Monday, February 22, 2016

Currently Reading 2/22/16

Check out Teach Mentor Texts and Unleashing Readers for the roundups

Echo by Pam Muñoz Ryan
I know this book means a lot to many people, but it didn't work for me at all.  I've been trying really hard to figure out exactly why, and I think all my problems stem from the fact that everything seems very obviously manipulated by the author to facilitate certain outcomes. I suppose this contrived plotting could be attributed to the hands of fate or the magical spell working its way through the lives of these children, but all I saw were all manner of people never acting how real people would act for plot resolutions that were ludicrous in their unrealistic outcomes.  I WISH SO MUCH I loved this as much as everyone else, but it was a big disappointment and I don't think I'm every quite so disappointed as when I just can't make myself love a book everyone I know loves. **

Cuckoo Song by Frances Hardinge
Harding is probably my very favorite MG author, which is ironic because I always put off reading her books because they're so long. Once I finally get to them, though, I never want them to end.  Nobody describes things as well or as ingeniously as Hardinge, and though I've seen this book often described as slow, I'd gladly read Hardinge chronicling paint drying, so that wasn't an issue at all for me.  
It's a deliciously creepy tale (there's one line in particular that sent actual real-life shivers down my spine), an examination of the effects of war, grief, and displacement in both the wide world and the family unit, AND a creative turn on fairy and changeling stories I used to think were boringly familiar.  Until the very end I never thought she could reign in such a proliferative plot, but I was completely satisfied by the resolution.  Fantastic characters across the board (I don't remember the last time I read a book where my sympathies changed for each character so repeatedly), but Pen is a character for the ages: undeniably cranky and annoying and, quite frankly, horrible, but tough and strong and lovable too.  The fact that Hardinge had me feeling every bit as protective of her as Triss did is probably my favorite quality of the book.  Violet's awesome too.  It's all awesome.  READ THIS BOOK.  Than go read everything else Hardinge has ever written.  *****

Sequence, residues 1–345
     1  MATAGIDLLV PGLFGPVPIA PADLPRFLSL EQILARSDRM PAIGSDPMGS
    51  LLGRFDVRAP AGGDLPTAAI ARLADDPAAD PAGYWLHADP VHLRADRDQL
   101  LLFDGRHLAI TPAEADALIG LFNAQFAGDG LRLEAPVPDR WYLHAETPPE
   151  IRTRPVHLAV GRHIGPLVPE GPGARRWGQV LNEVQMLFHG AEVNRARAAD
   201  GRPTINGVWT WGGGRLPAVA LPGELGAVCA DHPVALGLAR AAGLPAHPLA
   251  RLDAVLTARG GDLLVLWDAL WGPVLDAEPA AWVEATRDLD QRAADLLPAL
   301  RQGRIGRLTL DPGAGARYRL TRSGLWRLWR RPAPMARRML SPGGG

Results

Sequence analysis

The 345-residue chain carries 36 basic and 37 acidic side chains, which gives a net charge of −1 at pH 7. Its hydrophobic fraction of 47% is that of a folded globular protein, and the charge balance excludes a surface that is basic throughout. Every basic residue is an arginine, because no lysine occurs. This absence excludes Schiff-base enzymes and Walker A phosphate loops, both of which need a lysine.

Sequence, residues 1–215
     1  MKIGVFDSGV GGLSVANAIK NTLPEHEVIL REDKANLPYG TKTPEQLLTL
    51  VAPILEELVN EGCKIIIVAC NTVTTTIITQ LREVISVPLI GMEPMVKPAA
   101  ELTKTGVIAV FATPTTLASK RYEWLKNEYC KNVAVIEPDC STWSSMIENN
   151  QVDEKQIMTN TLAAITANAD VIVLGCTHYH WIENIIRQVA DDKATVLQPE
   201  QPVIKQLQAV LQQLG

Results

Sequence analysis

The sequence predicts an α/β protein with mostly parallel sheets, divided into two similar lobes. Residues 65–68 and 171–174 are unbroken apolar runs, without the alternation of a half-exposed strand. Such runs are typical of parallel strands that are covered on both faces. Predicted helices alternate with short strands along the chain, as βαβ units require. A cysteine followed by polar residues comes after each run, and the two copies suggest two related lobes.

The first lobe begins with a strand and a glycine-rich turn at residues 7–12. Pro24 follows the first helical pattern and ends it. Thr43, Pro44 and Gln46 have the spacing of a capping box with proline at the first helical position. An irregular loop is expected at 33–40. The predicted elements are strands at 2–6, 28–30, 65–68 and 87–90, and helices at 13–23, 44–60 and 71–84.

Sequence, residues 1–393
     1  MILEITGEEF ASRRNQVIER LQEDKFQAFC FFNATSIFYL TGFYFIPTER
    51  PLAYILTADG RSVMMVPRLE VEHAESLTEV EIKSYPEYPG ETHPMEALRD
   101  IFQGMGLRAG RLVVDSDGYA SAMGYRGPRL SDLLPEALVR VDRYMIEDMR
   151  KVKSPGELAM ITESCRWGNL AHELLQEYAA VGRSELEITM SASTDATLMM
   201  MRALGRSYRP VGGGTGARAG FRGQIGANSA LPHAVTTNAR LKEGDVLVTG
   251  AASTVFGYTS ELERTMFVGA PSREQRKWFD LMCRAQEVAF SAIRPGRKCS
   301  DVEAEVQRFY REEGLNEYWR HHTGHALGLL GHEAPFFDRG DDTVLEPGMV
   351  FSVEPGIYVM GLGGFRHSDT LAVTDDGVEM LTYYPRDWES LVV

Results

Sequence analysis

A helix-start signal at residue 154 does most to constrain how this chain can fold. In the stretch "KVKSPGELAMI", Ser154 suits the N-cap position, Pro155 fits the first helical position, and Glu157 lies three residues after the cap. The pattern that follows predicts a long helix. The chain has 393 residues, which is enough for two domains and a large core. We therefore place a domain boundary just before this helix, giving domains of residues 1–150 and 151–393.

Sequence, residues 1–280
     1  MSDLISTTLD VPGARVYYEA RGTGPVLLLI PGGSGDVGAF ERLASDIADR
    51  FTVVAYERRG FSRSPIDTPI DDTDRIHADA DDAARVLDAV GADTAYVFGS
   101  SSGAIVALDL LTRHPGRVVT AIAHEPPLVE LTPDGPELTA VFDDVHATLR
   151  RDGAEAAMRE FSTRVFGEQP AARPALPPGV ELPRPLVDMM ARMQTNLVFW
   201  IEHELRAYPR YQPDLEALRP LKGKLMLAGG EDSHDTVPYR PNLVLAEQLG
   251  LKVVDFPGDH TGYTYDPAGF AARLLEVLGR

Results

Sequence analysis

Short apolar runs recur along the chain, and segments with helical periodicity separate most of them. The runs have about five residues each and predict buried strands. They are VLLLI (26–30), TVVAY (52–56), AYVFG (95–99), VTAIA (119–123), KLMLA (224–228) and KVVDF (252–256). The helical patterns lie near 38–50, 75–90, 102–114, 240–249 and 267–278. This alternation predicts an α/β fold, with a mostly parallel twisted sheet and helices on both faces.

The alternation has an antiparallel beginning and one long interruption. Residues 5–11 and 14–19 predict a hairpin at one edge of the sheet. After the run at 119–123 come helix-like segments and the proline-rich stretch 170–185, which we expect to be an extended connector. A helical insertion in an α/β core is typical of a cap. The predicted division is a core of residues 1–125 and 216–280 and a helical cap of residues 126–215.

Tighter by Adele Griffin
The ending is unsatisfying and ambiguous in the worst possible way, but the story up until the end is quite well-done.  Creepy, yes, but less a ghost story than an examination of a tormented mind.  ***1/2

Shake Hands Forever by Ruth Rendell
I read this because someone said it was better than Agatha Christie. It's not. The set-up and solution are quite clever: not exactly shocking, and not exactly believable (and certainly dated), but well-plotted. The characters are expertly drawn in the briefest of sketches (the first chapter is one of the greatest super-quick character depictions I've ever read), but I didn't like any of these people at all. I can deal with disliking the suspects so long as they're actually interesting people, but here I didn't even like the detective, and it's hard to read 200 pages of a detective novel when you find the detective off-putting and not even very competent. The beginning was interesting, and the end riveting, but most of the middle seemed to be a lot of bumbling around searching for a solution that just wouldn't come.  I'll read another by Rendell, but I wasn't as impressed as I hoped to be by this title. ***

Dreamquake by Elizabeth Knox
A lot of this novel is done quite well, the characters are pretty much universally interesting, whether I loved them (Rose), despised them (Sandy), or was just all-around annoyed by them (Laura), and the world is, of course, amazingly creative.  What the novel doesn't do well, though, completely kept me from appreciating the story.  The plot is ridiculously complicated.  I listened to this on audio, and had to also check out the book and read and reread several passages before I had even the slimmest grasp on what was going on.  The ending, when the origin of the world is all explained, seemed to throw into doubt and confusion much of what Knox spends two books painstakingly perfecting.  The more I think about it, the less this part of the plot makes any sense at all (i.e. if what happens at the end is really the explanation of how everything was created, then everything that happened in the first book and the first 3/4th of this book logically should have been different).  Lots of tropes here, from the protagonist that the author tells you is super special and will SAVE THE WORLD (even though she's clearly the most generic character in the story), to a character who **SLIGHT SPOILER** is dead, totally dead, no doubt about it, until the very end when it's all oh wait not really.  The MOST problematic thing about this book, though, is there are some very disturbing relational and sexual (even incestuous) undercurrents that are never acknowledged in any way as being decidedly creepy. I know this "review" is super vague and confusing, but that's how I felt reading the book so maybe that's the most appropriate way I could have written about Dreamquake. **

Mustache Baby Meets His Match by Bridget Heos and Joy Ang
Cute enough but the humor is so rooted in silly stereotypes. **1/2

If I Had a Gryphon by Vikki VanSickle and Cale Atkinson
I'm usually not one for rhyming texts, but this one mostly works for me. Such a fun idea with great descriptions of all manner of mystical creature. The colorful, imaginative illustrations are phenomenal. ****1/2

Peddles by Elizabeth Rose Stanton